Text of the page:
It was comical to read and listen to all of the faux outrage this past week when the Indiana University student section chanted profanity at a Purdue basketball player.
Who knew that thousands of drunk college kids at a sporting event might lose their cool from time to time? Oh the humanity!
Was it a slow news week? Or perhaps some of the reporters hadn’t been around long enough to know first hand what a real spectacle looks like.
While certainly none of those derisive students on Tuesday night were there to see it, perhaps they were channeling a much more dramatic scene that took place in Assembly Hall against the same opponent nearly 34 years earlier.
Yes, on February 23, 1985, the former leader of their beloved team gave the sports world a truly transcendent moment.
With six fouls called on his team in the first five minutes of the game, Indiana’s head coach had seen enough.
Or perhaps he was just being a good Samaritan?
Whatever version of the story you believe, on that unseasonably warm Saturday afternoon in Bloomington, the legend, or perhaps infamy of Robert Montgomery Knight reached previously unimaginable proportions.
Losers of six of their last nine games, those 1985 Hoosiers were reeling. Coming off the promise of a 1984 Elite Eight run that saw Indiana knock off Michael Jordan and No. 1 North Carolina, IU came into the year as a preseason top 10 team.
But this season had turned into a complete disappointment. And IU’s combustible head coach was seemingly at his tipping point.
After being called for a technical foul for arguing with the officials about those early whistles, Knight burst from that ill-fated chair and continued to roar his thunderous disapproval. Meanwhile, Purdue’s Steve Reid was preparing to shoot the technical free throw shots.
Seemingly unwilling to accept what was unfolding before him, Knight hurled the flimsy mass of metal legs and red plastic seat past Reid, across the free throw lane, and into a row of photographers.
But was it just a coincidence that furniture was sent sliding across the court after that technical foul?
Knight once playfully suggested on the David Letterman show that there was a much more noble intent behind his chair toss —
“People jump at conclusions automatically with the thing. But the game is going on, and I hear somebody across the floor keep hollering, ‘Coach! Coach! Coach Knight!’ And I get all kinds of suggestions; I try not to pay any attention to it. … Here’s a little old lady across the floor that reminded me of my grandmother. … And I said, ‘Did you want me for something?’ And she just said, ‘If you’re not going to sit down any more today than you have so far, could I have your chair?’”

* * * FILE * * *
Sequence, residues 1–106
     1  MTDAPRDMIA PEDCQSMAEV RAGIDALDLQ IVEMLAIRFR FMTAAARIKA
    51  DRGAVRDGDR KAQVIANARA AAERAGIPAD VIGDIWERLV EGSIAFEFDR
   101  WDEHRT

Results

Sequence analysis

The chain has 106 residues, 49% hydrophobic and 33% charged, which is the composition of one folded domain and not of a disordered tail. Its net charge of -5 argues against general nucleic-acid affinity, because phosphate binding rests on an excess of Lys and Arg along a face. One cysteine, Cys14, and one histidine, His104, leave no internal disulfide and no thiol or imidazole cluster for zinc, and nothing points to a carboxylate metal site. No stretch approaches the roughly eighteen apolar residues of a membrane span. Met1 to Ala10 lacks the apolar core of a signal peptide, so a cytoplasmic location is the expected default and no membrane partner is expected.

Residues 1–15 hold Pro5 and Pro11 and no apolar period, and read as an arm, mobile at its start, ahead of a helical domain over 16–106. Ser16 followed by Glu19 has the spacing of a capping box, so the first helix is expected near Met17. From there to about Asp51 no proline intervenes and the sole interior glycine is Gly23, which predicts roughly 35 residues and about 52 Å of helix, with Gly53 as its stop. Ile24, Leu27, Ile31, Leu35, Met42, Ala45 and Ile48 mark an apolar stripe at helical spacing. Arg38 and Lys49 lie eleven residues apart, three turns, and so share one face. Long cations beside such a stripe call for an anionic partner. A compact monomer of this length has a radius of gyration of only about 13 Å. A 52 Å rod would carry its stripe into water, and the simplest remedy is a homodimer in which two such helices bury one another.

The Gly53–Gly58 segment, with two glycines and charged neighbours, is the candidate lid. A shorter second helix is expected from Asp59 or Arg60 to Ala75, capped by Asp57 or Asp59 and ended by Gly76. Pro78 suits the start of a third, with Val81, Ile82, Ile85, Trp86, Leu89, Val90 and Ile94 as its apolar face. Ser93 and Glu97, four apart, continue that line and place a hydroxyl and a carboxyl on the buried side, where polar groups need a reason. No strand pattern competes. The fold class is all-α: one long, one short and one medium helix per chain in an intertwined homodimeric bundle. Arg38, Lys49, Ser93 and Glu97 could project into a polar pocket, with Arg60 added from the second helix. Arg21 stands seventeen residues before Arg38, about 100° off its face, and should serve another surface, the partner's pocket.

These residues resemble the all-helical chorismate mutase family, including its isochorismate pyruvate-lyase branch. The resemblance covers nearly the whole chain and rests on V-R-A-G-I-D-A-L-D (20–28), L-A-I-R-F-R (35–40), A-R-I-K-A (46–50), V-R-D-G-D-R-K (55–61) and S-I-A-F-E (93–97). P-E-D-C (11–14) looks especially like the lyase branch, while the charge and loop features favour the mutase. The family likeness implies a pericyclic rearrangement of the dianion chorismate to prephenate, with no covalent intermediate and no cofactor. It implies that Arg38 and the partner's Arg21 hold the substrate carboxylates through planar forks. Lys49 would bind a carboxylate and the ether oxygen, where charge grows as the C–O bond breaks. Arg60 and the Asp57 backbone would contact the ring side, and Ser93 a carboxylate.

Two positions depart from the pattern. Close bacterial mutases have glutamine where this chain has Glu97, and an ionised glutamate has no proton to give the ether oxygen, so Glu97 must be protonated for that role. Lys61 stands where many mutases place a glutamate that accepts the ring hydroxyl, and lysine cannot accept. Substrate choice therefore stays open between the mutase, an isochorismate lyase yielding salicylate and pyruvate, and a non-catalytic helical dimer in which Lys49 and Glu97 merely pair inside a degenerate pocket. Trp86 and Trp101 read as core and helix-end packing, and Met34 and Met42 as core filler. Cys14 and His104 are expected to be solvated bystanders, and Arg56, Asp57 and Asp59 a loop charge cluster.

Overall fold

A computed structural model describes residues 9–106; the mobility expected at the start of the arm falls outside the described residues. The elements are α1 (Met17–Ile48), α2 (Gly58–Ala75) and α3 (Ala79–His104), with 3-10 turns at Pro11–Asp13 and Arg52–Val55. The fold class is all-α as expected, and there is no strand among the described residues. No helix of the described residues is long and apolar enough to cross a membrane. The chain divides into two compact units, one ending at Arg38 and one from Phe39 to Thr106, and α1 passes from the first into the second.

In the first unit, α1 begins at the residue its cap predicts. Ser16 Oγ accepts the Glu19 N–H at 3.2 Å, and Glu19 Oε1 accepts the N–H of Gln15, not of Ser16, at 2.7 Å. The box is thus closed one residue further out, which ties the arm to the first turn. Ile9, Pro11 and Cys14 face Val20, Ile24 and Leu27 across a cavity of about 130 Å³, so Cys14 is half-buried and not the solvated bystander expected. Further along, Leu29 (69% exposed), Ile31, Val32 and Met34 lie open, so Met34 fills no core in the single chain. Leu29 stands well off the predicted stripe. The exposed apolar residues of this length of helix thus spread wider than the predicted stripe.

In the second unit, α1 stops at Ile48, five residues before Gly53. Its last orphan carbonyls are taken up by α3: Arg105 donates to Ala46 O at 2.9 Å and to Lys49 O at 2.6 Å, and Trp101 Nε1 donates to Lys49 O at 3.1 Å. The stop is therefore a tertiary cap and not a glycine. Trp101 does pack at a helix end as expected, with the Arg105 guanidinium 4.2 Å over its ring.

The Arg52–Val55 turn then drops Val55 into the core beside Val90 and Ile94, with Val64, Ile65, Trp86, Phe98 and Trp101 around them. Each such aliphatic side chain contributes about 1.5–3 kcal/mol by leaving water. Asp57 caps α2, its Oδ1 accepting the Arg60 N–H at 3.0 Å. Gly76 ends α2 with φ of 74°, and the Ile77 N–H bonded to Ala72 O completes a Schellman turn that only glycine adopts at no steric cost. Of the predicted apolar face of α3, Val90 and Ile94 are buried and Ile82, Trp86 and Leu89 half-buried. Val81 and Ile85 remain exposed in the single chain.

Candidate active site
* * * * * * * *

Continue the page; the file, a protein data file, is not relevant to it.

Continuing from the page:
Judge for yourself —
This was Bob Knight at the pinnacle of his career. The Hoosiers had won two national titles in the last ten years and they were considered an annual contender for a third — which they got two years later.
Knight was larger than life in Bloomington. The “General” was of course ejected from the game (after two more technical fouls), and although he had just done the unthinkable, he walked off the court to roars of “BOB-BY, BOB-BY!”
With Knight in the locker room and IU handicapped by a slow start and Purdue technical free throws, the Hoosiers would lose the game 72-63.
In an era today where profanity by college kids sparks national discussion, it is almost unimaginable that this incident resulted in a mere one game suspension for Knight. The three time national champion coach likely dropped enough f-bombs during his several minute long tirade to give the collective student section on Tuesday night a run for their money.
The real punishment for Knight was a season that continued to spiral out of control.
Indiana would go on to lose three of their final four games on the season, winning only the game that Knight missed. The Hoosiers would miss the NCAA Tournament but reached the finals of the NIT in New York. They lost there to UCLA and Reggie Miller.
Throughout the remainder of Knight’s tenure at Indiana, the chairs on the IU bench were connected to avoid a repeat occurrence.
Countless little old ladies were surely left standing as a result.
“Now that we know the full story,” Letterman responded to Knight, “You were doing the gentlemanly thing.”
Maybe, maybe not.
But if ever there was a truly noteworthy incident inside Assembly Hall when ancient rivals Purdue and Indiana met, it most certainly wasn’t on Tuesday night.
No, it was 34 years ago today — when Bob Knight showed the sports world what real outrage looks like with both his anger and his actions — chucking a chair into the annals of college basketball history.
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